Maghull – Cycling the A59 – Alt Junction to Switch Island

I mentioned recently my concerns as a cyclist (and those of pedestrians) about how the Alt junction has been reconstructed and here’s a link back to that posting:-

tonyrobertson.mycouncillor.org.uk/2020/05/26/maghull-a59-alt-junction-reconstruction/

Sefton Council had told me that two additional pieces of work were to be undertaken along with the junction ‘improvements’ to improve cycling access. So far with contractors having left site one has only been partially done and the other has not been done at all.

The major cycling work is to extend the cycle path/route which comes from Switch Island so that it reaches the Alt Junction. Clearly some works have been undertaken but a section over the River Alt bridge has been left just as it was, a narrow pavement – see photo below. Why?*

The other item is such a small change one wonders why it had not been sorted out years ago. It’s at the junction of Moorhey Road and the A59/Northway Service Road where a cycle route starts taking cyclists towards Switch Island. However, at the very start of it there’s no dropped kerb, which I’ve complained about before and been told by Sefton Council it would be attended to during the Alt junction ‘improvements’. So far, as you can see, the job remains outstanding:-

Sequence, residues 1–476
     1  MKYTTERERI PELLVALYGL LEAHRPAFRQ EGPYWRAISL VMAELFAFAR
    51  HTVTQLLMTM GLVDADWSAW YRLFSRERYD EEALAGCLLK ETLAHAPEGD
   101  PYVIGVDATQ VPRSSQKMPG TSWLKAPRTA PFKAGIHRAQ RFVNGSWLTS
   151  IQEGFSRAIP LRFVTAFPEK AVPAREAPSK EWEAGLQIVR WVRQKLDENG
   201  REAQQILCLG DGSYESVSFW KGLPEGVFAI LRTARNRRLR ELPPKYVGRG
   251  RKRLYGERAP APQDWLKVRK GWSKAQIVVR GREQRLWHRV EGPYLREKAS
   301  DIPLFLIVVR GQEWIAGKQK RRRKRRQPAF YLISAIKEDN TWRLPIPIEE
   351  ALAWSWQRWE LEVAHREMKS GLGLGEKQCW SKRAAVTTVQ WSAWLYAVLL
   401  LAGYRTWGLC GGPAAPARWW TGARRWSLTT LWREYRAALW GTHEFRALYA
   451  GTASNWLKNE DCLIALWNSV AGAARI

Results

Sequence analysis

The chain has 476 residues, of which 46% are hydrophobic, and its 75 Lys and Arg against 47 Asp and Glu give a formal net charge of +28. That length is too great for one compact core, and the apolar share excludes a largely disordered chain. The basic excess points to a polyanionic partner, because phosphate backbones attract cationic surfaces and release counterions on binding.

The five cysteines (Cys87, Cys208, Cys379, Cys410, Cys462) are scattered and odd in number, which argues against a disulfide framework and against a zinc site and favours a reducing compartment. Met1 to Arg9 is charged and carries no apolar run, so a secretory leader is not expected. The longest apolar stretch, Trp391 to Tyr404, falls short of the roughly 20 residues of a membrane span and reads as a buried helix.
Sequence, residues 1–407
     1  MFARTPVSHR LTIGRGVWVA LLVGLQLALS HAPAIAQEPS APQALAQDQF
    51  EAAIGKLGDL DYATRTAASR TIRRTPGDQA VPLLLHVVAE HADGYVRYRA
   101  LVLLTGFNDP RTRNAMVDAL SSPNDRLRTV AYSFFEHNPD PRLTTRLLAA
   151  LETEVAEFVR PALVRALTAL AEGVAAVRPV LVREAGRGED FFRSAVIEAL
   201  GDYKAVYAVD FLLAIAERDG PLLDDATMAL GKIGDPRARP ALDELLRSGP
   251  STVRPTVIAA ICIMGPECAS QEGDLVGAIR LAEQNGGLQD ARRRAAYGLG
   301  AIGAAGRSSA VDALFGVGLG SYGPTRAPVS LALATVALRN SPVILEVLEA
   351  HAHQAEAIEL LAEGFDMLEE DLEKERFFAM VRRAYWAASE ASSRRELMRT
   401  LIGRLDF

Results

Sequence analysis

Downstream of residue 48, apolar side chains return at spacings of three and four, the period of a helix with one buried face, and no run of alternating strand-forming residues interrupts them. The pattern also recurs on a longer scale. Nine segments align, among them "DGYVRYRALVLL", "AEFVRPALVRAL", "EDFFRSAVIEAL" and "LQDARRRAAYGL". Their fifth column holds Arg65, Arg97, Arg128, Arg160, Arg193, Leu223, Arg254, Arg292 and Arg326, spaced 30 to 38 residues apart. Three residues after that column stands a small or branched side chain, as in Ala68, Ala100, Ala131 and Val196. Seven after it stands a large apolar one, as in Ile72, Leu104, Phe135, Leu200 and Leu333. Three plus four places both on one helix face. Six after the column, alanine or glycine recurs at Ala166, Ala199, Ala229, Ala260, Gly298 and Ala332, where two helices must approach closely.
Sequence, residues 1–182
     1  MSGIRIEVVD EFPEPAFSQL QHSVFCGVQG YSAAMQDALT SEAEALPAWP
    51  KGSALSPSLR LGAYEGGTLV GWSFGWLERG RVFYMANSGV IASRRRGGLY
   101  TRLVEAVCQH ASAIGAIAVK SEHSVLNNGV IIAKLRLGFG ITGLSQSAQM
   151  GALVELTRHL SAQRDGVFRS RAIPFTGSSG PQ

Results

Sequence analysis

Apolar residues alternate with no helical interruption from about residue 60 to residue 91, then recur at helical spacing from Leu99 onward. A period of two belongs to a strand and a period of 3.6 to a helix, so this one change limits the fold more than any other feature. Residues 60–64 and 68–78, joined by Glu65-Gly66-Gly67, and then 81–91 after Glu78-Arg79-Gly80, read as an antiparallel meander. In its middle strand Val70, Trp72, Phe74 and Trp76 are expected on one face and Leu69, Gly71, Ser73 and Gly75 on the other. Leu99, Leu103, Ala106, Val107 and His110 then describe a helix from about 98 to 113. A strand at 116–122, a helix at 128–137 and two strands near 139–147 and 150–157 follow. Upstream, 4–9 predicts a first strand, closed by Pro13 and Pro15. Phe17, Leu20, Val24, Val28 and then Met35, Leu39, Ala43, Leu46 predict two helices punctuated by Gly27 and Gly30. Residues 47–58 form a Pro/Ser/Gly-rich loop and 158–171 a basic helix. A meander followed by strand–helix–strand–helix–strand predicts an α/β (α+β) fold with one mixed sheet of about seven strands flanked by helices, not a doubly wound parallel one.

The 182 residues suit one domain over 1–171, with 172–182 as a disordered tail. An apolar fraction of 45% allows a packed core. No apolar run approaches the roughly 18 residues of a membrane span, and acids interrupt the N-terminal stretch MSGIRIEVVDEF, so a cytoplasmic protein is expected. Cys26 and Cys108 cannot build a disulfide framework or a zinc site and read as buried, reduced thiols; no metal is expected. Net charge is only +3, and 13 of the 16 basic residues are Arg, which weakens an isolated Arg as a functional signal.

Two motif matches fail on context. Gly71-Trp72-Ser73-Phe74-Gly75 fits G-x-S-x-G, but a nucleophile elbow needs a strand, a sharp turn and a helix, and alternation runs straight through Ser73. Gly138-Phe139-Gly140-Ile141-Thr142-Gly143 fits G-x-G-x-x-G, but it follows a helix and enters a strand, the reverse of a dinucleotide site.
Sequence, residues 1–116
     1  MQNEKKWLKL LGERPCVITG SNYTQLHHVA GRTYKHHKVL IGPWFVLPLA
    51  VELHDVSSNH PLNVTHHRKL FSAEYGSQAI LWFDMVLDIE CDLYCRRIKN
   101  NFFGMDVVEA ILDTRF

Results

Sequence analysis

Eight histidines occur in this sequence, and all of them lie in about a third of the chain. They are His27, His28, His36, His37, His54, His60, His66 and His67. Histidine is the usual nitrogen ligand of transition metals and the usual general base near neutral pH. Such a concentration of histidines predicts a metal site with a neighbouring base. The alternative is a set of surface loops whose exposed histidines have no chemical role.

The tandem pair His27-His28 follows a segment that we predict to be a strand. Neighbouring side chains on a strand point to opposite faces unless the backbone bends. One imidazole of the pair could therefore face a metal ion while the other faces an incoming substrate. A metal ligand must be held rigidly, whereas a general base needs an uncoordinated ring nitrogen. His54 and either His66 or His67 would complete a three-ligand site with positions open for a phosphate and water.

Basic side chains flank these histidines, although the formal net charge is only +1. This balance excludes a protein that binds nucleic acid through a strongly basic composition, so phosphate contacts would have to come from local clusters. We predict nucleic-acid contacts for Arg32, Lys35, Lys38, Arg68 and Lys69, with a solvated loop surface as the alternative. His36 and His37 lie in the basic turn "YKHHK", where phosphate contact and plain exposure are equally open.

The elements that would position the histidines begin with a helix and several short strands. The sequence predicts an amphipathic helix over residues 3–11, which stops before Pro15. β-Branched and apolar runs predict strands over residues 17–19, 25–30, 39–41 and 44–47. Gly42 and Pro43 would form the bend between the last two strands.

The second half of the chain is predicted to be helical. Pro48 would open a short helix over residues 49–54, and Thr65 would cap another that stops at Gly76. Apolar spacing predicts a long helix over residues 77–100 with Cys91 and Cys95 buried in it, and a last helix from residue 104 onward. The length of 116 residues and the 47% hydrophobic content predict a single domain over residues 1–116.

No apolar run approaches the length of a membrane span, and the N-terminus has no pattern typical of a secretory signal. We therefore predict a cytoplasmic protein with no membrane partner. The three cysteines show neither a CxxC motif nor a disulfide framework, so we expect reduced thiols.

And yes, I’ve brought my concerns about both these matters to the attention of Sefton Council’s Highways Dept.

* After I wrote this posting but before publishing it I became aware of the plans to redevelop the former Motor Range site for an ALDI etc. so the curtailed works to the cycle path/track could possibly be associated with the changes required should that proposal gain planning permission? Just a thought.